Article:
The county council is working to reduce the number of children who are expelled from Bucks schools – after exclusion rates increased by 100 per cent in recent years.

A five-year education plan was presented to Bucks County Council’s (BCC) cabinet on Monday (July 9) and identified a range of challenges faced by schools.

Issues included “persistent” underperformance of disadvantaged pupils, the number of ‘inadequate’ schools in the county exceeding the national average and the rising rate of permanent exclusions.

A separate draft report was presented to BCC’s children’s select committee today (July 10) outlining actions and plans to reduce the number of permanent exclusion rates in schools.

The report states exclusions across primary and secondary schools increased by 100% on the previous academic year in 2015/16, with another increase of 6% in 2016/7.

A number of actions have already been taken to prevent exclusions, including running workshops for senior education staff on how to deal with disruptive behaviour in the classroom.

The report also recommended that locally-based networks of head teachers should be created in various areas of the county so they can discuss issues surrounding exclusions.

Writing in the report, committee chair Dev Dhillon, said: “Permanent exclusion from school is a traumatic and distressing experience for children, their families, and dedicated professionals working with them.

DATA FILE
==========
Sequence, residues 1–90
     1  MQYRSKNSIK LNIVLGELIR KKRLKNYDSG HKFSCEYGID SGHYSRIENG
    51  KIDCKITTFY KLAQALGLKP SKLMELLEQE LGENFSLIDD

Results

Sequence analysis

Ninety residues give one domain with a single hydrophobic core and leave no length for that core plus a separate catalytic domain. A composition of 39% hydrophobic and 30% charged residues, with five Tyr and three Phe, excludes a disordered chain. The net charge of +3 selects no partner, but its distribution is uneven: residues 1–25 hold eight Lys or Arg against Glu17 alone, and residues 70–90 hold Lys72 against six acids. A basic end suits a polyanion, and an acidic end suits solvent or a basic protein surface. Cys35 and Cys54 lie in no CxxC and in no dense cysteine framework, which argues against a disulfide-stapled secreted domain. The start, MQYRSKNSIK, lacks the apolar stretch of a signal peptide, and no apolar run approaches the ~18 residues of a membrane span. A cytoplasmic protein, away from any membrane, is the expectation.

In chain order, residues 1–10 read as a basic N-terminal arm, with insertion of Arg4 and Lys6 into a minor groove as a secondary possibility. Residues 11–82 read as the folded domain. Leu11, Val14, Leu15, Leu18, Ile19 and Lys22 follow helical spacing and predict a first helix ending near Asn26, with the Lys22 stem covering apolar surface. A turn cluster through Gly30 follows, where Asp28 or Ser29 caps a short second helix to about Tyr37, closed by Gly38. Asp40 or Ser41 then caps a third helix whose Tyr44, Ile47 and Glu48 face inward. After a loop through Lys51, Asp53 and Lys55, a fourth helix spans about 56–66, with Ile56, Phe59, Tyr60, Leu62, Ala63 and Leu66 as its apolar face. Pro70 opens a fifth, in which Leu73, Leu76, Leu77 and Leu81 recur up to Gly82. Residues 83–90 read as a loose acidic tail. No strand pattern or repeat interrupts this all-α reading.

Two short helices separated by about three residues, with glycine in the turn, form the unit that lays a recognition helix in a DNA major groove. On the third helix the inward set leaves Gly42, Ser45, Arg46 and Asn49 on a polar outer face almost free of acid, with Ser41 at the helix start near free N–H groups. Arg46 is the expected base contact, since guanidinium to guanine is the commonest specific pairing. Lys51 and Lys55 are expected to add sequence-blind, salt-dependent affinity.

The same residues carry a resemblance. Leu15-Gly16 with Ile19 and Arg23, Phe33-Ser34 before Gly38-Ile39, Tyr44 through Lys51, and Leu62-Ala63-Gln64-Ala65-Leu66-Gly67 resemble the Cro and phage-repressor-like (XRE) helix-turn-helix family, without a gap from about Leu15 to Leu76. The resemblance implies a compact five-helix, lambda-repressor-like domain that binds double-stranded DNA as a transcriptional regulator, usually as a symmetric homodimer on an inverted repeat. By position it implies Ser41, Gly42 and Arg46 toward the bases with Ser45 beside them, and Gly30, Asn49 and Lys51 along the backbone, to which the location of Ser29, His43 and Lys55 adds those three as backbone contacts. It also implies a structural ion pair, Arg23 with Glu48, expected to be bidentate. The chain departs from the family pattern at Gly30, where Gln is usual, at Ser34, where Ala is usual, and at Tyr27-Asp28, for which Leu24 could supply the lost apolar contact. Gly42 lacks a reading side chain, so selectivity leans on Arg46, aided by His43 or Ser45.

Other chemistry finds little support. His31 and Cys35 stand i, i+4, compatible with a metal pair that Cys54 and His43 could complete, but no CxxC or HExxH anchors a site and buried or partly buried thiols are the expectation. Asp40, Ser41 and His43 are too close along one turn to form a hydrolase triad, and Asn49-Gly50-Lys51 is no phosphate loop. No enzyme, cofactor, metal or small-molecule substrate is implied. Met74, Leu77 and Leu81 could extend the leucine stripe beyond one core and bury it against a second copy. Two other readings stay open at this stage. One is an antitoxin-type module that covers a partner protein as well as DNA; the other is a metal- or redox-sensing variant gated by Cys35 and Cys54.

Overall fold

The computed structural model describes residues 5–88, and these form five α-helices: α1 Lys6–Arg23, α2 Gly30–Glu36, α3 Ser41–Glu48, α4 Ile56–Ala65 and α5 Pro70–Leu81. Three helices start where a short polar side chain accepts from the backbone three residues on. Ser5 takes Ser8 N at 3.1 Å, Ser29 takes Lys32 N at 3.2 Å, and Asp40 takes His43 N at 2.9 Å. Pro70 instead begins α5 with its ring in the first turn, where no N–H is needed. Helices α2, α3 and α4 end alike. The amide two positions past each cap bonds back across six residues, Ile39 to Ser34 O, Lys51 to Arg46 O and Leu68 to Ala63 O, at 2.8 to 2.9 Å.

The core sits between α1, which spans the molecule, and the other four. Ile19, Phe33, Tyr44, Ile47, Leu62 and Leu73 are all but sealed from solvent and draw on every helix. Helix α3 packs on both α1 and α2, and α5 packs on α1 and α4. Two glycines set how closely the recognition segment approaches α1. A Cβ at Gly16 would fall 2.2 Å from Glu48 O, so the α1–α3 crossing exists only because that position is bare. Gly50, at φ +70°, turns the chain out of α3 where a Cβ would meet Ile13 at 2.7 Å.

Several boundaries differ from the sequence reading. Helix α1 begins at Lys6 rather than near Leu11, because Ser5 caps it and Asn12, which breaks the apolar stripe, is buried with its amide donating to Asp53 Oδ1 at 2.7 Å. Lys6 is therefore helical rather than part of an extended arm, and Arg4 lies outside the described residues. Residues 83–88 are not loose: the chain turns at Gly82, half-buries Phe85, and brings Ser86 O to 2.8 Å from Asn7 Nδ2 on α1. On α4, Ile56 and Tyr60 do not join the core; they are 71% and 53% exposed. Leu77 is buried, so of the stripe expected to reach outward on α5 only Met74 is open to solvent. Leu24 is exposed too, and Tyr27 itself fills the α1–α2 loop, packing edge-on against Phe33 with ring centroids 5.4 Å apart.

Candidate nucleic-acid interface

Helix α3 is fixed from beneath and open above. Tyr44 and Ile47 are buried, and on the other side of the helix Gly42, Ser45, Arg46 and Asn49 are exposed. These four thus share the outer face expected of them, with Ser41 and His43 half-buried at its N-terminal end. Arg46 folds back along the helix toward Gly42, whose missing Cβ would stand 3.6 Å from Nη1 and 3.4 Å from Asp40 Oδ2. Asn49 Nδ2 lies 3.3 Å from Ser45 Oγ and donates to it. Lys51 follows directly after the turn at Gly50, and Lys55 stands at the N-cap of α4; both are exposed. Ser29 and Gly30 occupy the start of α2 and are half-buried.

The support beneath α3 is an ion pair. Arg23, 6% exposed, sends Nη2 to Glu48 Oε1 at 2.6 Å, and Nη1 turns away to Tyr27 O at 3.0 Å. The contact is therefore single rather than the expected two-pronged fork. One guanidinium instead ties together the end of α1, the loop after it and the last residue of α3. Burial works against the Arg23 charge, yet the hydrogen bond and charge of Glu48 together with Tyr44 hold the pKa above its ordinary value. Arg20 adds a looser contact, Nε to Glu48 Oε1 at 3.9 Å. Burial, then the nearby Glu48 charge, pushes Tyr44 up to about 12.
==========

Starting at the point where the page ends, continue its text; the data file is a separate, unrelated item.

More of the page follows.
“It affects life changes in the most fundamental ways; children have worse long-term outcomes than their peers, are more likely to develop mental health issues and to become involved in the criminal justice system.

“During our inquiry we have been impressed with work that is already being done in schools and the council to avoid permanent exclusions.”

Figures taken from 2015/16 show that 116 young people were permanently excluded from schools in Bucks – a total of 13 girls and 103 boys.

However speaking at a cabinet meeting on Monday, BCC’s director of education, Tolis Vouyioukas, said the figures have actually declined since they were last published in 2015/16.

He said: “It would be very difficult for us to have an up to date view because the latest figures have not been published yet.

"I believe we compare favourably to our south east partners.

“However one thing I can say with some degree of confidence is that exclusions in Bucks are taken very seriously by our schools and head teacher colleagues, and it is always the last resort.

“In my view, with a very good plan in place to make sure they return back into mainstream education where it is appropriate and right for the pupil.”

To view the children’s select committee report visit